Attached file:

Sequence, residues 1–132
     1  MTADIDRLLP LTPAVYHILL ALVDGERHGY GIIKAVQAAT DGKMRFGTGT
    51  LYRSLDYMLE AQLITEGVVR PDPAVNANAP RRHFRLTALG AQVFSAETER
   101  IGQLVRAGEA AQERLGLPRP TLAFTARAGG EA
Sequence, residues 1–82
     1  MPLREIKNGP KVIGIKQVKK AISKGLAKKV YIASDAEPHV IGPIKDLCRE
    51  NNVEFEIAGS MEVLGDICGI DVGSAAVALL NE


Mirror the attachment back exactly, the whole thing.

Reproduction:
Sequence, residues 1–132
     1  MTADIDRLLP LTPAVYHILL ALVDGERHGY GIIKAVQAAT DGKMRFGTGT
    51  LYRSLDYMLE AQLITEGVVR PDPAVNANAP RRHFRLTALG AQVFSAETER
   101  IGQLVRAGEA AQERLGLPRP TLAFTARAGG EA
Sequence, residues 1–82
     1  MPLREIKNGP KVIGIKQVKK AISKGLAKKV YIASDAEPHV IGPIKDLCRE
    51  NNVEFEIAGS MEVLGDICGI DVGSAAVALL NE